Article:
After serving eight years out of a 10-25 year sentence, Dr. Jack Kevorkian was recently released from prison. Kevorkian first hit the news with his doctor-assisted suicides. He was convicted of second-degree murder for poisoning Thomas Youk, one of over 100 people “Dr. Death” has helped to kill themselves.

I understand that Kevorkian said he was there to ease the passing of his patients, but I have a problem with the idea of euthanasia because it is a proven slippery slope:

First, Dutch euthanasia advocates said that patient killing will be limited to the competent, terminally ill who ask for it. Then, when doctors began euthanizing patients who clearly were not terminally ill, sweat not, they soothed: medicalized killing will be limited to competent people with incurable illnesses or disabilities. Then, when doctors began killing patients who were depressed but not physically ill, not to worry, they told us: only competent depressed people whose desire to commit suicide is “rational” will have their deaths facilitated. Then, when doctors began killing incompetent people, such as those with Alzheimer’s, it’s all under control, they crooned: non-voluntary killing will be limited to patients who would have asked for it if they were competent.

And now they want to euthanize children.

In the Netherlands, Groningen University Hospital has decided its doctors will euthanize children under the age of 12, if doctors believe their suffering is intolerable or if they have an incurable illness. But what does that mean? In many cases, as occurs now with adults, it will become an excuse not to provide proper pain control for children who are dying of potentially agonizing maladies such as cancer, and doing away with them instead. As for those deemed “incurable”–this term is merely a euphemism for killing babies and children who are seriously disabled.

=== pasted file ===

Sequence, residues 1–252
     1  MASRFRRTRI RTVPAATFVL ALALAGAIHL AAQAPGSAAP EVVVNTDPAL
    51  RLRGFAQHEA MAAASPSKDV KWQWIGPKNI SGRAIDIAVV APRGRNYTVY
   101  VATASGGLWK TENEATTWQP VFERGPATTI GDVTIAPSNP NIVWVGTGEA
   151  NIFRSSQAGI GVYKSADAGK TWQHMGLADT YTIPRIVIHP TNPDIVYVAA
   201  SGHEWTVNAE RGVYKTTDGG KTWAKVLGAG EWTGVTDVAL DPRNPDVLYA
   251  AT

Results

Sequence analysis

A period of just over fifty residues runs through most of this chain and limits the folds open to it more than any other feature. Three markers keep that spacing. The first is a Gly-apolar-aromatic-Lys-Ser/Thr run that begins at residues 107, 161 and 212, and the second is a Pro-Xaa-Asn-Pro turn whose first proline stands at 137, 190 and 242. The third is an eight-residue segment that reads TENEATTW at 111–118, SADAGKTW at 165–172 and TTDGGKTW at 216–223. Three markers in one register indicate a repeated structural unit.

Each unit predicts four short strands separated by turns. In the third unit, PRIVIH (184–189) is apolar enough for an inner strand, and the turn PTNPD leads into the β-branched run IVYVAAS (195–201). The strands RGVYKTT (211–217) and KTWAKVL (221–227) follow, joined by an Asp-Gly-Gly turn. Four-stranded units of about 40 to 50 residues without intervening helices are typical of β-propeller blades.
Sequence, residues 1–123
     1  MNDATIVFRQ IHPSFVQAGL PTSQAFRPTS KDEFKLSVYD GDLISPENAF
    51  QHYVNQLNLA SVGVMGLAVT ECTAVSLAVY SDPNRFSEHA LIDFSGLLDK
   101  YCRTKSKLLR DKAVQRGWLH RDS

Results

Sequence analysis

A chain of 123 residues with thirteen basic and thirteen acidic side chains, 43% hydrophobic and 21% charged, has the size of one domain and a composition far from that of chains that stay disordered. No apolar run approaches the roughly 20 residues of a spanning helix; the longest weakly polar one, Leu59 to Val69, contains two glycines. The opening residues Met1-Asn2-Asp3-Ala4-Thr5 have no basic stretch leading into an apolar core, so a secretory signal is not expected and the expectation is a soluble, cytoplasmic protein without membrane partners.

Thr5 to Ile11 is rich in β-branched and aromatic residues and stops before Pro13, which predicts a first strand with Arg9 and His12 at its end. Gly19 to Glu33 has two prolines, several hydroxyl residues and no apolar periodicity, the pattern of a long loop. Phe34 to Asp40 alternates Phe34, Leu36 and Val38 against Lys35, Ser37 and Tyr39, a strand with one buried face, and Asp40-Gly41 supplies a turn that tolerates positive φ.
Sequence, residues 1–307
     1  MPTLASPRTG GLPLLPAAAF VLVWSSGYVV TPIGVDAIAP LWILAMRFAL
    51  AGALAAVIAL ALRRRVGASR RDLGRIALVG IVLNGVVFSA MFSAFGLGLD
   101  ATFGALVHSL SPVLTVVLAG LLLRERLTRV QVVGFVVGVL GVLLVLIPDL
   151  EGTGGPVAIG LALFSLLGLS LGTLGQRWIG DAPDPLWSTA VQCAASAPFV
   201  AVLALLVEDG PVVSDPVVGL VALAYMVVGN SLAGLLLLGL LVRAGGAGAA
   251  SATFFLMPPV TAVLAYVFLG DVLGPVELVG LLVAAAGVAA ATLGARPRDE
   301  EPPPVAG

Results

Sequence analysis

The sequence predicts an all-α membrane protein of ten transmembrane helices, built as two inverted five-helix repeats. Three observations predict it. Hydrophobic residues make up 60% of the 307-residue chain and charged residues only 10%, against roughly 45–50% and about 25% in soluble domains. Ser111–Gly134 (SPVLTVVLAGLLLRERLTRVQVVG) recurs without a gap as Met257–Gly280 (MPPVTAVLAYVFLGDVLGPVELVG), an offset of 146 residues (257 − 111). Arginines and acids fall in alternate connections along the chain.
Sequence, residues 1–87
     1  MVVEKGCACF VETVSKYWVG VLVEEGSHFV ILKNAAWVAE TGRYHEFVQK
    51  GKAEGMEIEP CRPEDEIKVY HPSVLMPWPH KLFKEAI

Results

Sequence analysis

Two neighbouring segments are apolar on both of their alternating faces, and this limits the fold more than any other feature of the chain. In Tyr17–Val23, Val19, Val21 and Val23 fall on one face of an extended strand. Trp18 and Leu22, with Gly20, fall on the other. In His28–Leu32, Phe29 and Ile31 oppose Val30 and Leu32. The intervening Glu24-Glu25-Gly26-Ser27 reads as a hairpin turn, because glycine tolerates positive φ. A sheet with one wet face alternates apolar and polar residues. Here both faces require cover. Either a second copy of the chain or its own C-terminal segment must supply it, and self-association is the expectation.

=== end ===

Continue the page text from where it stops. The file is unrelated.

First they came for the terminally ill, then the disabled, and then the depressed who wanted to die. Then they come for the Terri Schiavo-like people who could not give consent, but hey, they’d rather be dead, right? It’s not like they would enjoy their lives, so killing them is really a good thing.

Oh, please.

Frankly, there is no need for doctor-assisted suicide. If you are really serious about suicide, you can do it by refusing all food and water. You won’t need drugs, and you can do it in the privacy of your own home. And the best part is you don’t have to worry about discomfort or pain because Michael Schiavo told us that starving his wife Terri was a painless procedure. You just “drift off to a nice little sleep.” I can’t imagine why it isn’t all the rage.

Personally, I’d rather not travel down the path the Netherlands is taking with euthanasia. I think Europe has already had enough problems in the past with killing off its undesirable surplus population.

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